Greece: Lower wages throughout labour market
In both individual and collectively agreed employment relations, wage levels in Greece have declined significantly, especially amongst young people. State cuts have led to a reduction in the real minimum wage as well as a sizable reduction in the levels of public sector wages.
Recent studies in Greece have found that wage levels are significantly down across sectors, and especially low in the public sector. In addition to depressed wages, significant inequalities persist with regard to gender (the average monthly salary of a woman corresponded to 74.67% of a man's) and age. With that said, young people did make up some ground in terms of pay: Judgement no. 34/2015 of the Civil Court of Thessaloniki has found the Cabinet’s Act no. 6 of 2012 unconstitutional and illegal as regards the automatically higher wage cut of 32% among employees under 25 years of age and the imposition on them of the minimum wage, irrespective of whether they were covered by a more specific (sectoral) collective employment agreement (GSEE 6/4/2014).
Since 2009, the average annual earnings of public sectors worker have declined by between 25% and 38%. Furthermore, the number of workers employed in the public sector has been cut by over 350,000. This has led to an overall reduction in total wages paid to the public sector of over €8 billion.
A study published in 2014 by INE GSEE, looking at developments in collective bargaining and wages (1.78 MB PDF) examines the number and content of the collective agreements during the period 29 November 2012 until 31 December 2013. The vast majority of such agreements were signed at a company level; of the 544 company-based agreements, 40.8% were signed by an official company trade union, while the rest (59.2%) were signed by quasi-unions in organisations called 'Association of persons'. According to the findings of the same study, during 2012 and 2013 there was a significant reduction in collectively agreed wages in such large sectors as hotels (-15%), commerce (-6.3%), banking (-6%) and construction (-18%). Since the reduction in collectively agreed wages, unions have shifted focus away from wages and towards maintaining non-wage working conditions – including job retention, hours, severance pay.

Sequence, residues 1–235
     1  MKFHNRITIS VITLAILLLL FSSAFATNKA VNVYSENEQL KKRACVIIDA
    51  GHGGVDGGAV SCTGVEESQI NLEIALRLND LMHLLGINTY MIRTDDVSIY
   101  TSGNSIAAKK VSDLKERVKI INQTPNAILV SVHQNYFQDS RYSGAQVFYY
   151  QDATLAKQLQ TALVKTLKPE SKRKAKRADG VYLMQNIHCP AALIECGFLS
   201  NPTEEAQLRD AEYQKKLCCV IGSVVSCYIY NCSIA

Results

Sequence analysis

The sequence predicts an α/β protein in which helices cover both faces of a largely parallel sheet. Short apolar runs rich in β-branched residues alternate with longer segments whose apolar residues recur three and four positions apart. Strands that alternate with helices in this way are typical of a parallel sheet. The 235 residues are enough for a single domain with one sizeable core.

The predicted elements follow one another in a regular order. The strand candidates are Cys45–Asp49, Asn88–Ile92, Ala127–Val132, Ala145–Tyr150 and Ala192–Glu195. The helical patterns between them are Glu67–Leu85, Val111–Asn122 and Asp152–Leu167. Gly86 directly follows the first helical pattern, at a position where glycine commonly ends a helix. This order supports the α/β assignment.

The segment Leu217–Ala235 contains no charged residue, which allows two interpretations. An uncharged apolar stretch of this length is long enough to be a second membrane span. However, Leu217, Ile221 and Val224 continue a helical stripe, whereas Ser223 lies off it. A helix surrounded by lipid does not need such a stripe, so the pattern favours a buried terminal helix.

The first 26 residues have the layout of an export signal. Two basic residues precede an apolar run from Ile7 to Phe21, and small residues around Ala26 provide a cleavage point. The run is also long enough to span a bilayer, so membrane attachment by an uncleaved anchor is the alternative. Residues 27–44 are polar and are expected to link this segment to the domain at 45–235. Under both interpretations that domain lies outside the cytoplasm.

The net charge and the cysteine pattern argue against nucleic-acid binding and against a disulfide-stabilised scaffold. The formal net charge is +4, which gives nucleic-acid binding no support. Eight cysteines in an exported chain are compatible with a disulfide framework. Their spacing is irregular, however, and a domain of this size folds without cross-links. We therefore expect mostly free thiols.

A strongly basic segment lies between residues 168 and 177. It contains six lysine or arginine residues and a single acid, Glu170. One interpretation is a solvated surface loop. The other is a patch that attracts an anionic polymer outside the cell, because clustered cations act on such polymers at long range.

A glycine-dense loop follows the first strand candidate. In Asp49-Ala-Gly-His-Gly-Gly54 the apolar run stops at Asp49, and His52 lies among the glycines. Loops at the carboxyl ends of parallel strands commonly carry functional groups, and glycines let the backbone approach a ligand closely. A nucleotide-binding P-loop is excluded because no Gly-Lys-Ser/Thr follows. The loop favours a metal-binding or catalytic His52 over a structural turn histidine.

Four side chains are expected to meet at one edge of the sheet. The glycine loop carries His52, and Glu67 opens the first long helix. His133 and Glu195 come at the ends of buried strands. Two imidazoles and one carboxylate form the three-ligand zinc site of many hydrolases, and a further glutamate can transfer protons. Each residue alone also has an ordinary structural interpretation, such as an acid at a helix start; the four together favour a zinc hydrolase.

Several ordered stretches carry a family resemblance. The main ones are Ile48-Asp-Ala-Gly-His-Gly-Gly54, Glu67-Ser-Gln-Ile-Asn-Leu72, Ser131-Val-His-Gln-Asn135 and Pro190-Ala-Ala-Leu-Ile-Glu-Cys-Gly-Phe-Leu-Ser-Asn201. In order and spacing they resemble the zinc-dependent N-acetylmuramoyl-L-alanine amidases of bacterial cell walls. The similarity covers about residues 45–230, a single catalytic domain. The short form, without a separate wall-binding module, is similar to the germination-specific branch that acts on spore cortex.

With regard to the evolution of the minimum wage, Cabinet Act no 6 of 14/2/2012 (Memorandum 2) led to a reduction of real minimum wages by 19.8% in 2012 and 2.7% in 2013 for employees over 25 years of age (and 28.5% and 4.9% respectively for employees under 25 years). During the four-year period 2010-2013, the real minimum wage cumulatively decreased by 26% (by 35.4% for workers under 25 years). Though minimum wages defined by sectoral agreements have been hit less hard than the economy as a whole, minimum wages still fell by between 4.5% and 18.8% in new agreements. Moreover, across the EU, real average earnings showed the largest decrease in Greece (-21.9%), the average fall in the EU27 being -0.6%. By contrast, in the euro zone there was a slight increase of 0.1%.